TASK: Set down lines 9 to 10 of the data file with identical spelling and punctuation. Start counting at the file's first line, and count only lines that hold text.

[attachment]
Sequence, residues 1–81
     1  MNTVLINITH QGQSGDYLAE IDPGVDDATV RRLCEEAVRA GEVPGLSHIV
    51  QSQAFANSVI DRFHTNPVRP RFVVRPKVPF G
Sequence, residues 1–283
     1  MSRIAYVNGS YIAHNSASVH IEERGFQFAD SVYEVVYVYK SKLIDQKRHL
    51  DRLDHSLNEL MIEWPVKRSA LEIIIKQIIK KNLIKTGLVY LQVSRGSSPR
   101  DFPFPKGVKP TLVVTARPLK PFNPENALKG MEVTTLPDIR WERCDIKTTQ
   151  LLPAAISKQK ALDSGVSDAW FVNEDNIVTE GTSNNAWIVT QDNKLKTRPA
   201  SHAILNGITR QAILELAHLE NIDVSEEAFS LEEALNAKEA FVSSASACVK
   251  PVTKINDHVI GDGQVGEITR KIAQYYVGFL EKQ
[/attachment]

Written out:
   201  SHAILNGITR QAILELAHLE NIDVSEEAFS LEEALNAKEA FVSSASACVK
   251  PVTKINDHVI GDGQVGEITR KIAQYYVGFL EKQ